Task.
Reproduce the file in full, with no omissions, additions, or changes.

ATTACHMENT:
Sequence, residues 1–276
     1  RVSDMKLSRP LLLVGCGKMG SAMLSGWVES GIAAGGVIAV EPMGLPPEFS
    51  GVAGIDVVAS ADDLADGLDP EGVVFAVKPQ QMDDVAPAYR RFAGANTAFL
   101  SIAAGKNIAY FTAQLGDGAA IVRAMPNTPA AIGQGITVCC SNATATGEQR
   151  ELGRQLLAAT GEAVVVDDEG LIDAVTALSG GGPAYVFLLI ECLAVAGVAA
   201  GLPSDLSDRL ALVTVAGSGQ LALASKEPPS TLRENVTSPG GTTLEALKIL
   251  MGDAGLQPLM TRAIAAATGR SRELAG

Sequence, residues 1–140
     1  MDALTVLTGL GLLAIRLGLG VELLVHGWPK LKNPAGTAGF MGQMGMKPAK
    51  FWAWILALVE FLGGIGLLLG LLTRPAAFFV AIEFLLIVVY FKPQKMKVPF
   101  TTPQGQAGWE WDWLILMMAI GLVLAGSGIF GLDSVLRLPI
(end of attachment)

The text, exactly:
Sequence, residues 1–276
     1  RVSDMKLSRP LLLVGCGKMG SAMLSGWVES GIAAGGVIAV EPMGLPPEFS
    51  GVAGIDVVAS ADDLADGLDP EGVVFAVKPQ QMDDVAPAYR RFAGANTAFL
   101  SIAAGKNIAY FTAQLGDGAA IVRAMPNTPA AIGQGITVCC SNATATGEQR
   151  ELGRQLLAAT GEAVVVDDEG LIDAVTALSG GGPAYVFLLI ECLAVAGVAA
   201  GLPSDLSDRL ALVTVAGSGQ LALASKEPPS TLRENVTSPG GTTLEALKIL
   251  MGDAGLQPLM TRAIAAATGR SRELAG

Sequence, residues 1–140
     1  MDALTVLTGL GLLAIRLGLG VELLVHGWPK LKNPAGTAGF MGQMGMKPAK
    51  FWAWILALVE FLGGIGLLLG LLTRPAAFFV AIEFLLIVVY FKPQKMKVPF
   101  TTPQGQAGWE WDWLILMMAI GLVLAGSGIF GLDSVLRLPI